Do you have any plans for future Ember prequels or any Ember-related books?

There’s the graphic novel of The City of Ember. But besides that, I have no plans to add to the series.

It has been a few years since your last novel. Can you talk about what you’ve been working on, and what the next novel will be?

After I wrote The Diamond of Darkhold, I was pretty burned out. Since then I’ve had a few ideas for another book, and I’ve started work on two of those ideas. I’m finding it slow going–I keep throwing out what I’ve written and starting over–but I hope to have something finished before too long. I don’t want to say anything about it yet, except that, like the Ember books, it takes place in the future.

What are some novels you read recently that you enjoyed?

I liked Tenth of December, by George Saunders (short stories) and A Hologram for the King, by Dave Eggers. I liked the strange and fascinating Patrick Melrose novels, by Edward St. Aubyn. Philip Pullman is an author I admire–the His Dark Materials trilogy especially. Though my own books are usually classified as science fiction, I don’t read much in that genre, and I’ve ceased trying to keep up with what’s new in children’s and YA fiction. There’s just so much!

five-stars

About Jeanne DuPrau

Jeanne DuPrau spends several hours of every day at her computer, thinking up sentences. She has this quote taped to her wall: “A writer is someone for whom writing is harder than it is for other people” (Thomas Mann).

This gives her courage, because she finds writing very hard. So many words to choose from! So many different things that could happen in a story at any moment! Writing is one tough decision after another.

But it’s also the most satisfying thing she knows how to do. So she keeps doing it. So far, she has written four novels, six books of non-fiction, and quite a few essays and stories.

Jeanne DuPrau doesn’t write every minute of every day. She also putters around in her garden. She lives in California, where it’s easy to grow everything from apples to zinnias.

Jeanne DuPrau doesn’t have children, but she has two nephews, a niece, and a dog. The dog lives with her. His name is Jockey. Jeanne and Jockey get along well, though their interests are different. Jockey is not very fond of reading, for example, and Jeanne doesn’t much like chasing squirrels. But they agree on walks, naps, and trips in the car to surprise destinations. Ethan also likes to help in the garden.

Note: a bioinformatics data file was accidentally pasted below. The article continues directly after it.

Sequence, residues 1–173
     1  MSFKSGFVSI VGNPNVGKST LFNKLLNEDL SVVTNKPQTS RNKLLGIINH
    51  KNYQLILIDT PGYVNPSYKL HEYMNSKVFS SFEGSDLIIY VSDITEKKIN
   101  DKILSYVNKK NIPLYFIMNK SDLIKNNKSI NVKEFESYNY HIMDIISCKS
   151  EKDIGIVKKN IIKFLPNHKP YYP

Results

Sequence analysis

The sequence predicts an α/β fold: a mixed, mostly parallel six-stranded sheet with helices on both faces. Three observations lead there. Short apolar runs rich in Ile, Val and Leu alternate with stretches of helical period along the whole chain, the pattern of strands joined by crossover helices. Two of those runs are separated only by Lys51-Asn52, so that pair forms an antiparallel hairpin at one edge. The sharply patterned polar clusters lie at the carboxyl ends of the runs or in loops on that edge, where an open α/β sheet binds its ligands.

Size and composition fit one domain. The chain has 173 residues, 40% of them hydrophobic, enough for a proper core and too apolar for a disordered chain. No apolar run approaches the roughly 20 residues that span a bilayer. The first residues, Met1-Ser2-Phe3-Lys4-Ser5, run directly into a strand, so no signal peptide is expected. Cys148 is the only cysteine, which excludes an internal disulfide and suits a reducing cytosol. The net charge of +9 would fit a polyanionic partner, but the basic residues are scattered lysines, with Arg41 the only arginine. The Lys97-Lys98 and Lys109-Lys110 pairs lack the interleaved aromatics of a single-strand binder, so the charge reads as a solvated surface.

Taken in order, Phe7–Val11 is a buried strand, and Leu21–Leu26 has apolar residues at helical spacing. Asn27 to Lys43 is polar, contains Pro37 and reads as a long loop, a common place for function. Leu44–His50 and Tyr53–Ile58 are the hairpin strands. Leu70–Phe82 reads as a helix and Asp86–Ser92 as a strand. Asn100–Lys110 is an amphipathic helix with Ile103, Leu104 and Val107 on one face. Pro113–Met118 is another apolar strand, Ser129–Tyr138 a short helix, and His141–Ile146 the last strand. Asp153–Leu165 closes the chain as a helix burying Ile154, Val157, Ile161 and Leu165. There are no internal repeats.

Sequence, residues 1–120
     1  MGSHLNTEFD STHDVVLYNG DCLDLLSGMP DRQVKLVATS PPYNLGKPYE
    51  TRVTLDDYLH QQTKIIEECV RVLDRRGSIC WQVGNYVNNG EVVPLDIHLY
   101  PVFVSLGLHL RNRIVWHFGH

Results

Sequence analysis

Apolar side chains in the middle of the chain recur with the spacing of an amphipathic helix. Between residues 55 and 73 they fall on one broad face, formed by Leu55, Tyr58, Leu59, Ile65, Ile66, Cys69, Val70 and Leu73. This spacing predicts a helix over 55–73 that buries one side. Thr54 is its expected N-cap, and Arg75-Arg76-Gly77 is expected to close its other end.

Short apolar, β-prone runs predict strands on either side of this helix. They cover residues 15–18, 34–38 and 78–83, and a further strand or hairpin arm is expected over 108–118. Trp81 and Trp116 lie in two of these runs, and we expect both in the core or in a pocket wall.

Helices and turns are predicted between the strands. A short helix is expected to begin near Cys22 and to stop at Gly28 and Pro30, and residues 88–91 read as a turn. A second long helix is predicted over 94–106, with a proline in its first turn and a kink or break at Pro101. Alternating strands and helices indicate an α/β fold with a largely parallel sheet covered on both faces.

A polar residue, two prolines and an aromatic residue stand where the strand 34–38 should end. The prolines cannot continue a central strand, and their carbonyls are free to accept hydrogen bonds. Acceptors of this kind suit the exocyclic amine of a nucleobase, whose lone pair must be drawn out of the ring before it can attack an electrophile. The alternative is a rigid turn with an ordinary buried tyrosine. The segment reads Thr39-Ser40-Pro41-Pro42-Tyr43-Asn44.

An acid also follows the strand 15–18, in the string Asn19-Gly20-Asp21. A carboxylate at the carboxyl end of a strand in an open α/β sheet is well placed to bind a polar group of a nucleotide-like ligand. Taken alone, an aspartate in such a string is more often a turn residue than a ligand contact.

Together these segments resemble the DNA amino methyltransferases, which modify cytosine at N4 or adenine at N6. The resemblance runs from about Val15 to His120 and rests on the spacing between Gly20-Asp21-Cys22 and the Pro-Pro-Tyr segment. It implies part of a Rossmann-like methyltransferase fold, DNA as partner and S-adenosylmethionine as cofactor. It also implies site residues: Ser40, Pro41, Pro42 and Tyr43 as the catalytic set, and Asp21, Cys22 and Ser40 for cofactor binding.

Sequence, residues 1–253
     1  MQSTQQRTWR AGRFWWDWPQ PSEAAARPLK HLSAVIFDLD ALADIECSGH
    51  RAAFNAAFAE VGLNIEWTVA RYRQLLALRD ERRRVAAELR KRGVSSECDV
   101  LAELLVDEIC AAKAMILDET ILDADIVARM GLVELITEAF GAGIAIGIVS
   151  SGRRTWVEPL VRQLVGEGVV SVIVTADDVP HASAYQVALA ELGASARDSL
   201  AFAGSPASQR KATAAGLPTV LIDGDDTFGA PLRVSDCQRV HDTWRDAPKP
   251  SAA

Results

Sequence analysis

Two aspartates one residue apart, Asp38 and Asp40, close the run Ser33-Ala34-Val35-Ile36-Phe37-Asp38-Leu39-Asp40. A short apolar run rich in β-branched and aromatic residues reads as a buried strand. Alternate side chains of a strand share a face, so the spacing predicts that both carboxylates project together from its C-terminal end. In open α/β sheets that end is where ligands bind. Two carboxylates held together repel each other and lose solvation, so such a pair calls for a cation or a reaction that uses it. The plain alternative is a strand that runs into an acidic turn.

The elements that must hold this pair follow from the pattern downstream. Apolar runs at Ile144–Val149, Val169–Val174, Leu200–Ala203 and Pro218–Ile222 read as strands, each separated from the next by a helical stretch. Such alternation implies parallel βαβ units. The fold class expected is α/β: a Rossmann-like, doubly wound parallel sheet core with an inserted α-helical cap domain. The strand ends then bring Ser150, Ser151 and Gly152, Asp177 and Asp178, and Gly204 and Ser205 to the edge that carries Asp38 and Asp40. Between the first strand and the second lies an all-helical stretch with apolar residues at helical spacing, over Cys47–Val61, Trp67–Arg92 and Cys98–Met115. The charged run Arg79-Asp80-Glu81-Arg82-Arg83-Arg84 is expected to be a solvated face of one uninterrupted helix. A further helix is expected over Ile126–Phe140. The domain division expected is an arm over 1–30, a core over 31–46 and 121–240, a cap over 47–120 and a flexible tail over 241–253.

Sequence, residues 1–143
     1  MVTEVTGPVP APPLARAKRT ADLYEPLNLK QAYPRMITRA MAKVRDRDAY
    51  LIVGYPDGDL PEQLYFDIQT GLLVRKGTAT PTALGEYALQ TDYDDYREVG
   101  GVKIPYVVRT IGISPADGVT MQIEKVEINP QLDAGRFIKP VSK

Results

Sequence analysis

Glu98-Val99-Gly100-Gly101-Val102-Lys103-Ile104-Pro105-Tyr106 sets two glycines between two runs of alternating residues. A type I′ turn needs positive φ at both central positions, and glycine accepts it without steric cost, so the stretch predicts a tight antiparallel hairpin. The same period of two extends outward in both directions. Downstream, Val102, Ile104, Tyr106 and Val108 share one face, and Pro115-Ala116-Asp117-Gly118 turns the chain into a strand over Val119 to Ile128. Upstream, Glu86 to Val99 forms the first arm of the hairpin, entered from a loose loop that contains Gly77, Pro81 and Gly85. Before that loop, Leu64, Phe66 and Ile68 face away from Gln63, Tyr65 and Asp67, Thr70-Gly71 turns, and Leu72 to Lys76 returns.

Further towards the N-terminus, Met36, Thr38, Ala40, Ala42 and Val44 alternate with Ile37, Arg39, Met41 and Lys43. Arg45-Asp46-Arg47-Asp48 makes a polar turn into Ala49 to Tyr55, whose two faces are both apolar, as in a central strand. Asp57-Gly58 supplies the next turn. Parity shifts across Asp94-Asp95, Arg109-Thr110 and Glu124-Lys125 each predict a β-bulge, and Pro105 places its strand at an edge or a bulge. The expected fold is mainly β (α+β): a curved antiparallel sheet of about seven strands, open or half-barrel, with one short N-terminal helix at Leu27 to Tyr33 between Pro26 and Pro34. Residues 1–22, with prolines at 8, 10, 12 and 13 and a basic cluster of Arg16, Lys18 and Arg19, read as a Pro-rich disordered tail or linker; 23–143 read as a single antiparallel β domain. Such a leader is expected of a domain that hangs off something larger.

4 Responses to “The City of Ember and Interview with Jeanne DuPrau”

  1. Marni J

    Wow! An interview with the amazing Jeanne DuPrau! I loved all the Ember books and shared that love with my oldest daughter. We were both disappointed with the movie and changes but it didn’t change our love for the books, characters and their evolution.

    • Michael

      I still like the movie but overall disappointed with what they did. They made the whole boat scene way over complicated. There is no way builders would rely on advanced technology to raise the river and all that, when it could fail. And technology like that wasn’t used elsewhere in the city. The way the book did it was perfect. And then the boats being lockers that were way too small, being launched with nobody controlling it, and the whole river ride (aka Disney). Plus the killer mole, etc. I could go on and on. It kindof saddens me as it just made the movie fail all the worse and kill any hope of Sparks movie

  2. Kelly

    I haven’t read the books or seen the movie, but I have City of Ember on my Kindle.
    I’ve heard awesome things about it, and found it when I was looking for books to read if you’ve loved The Hunger Games.

    Awesome interview!

    • Michael

      Oh you definitely need to read it, and the first sequel The People of Sparks. They are really well done in my opinion.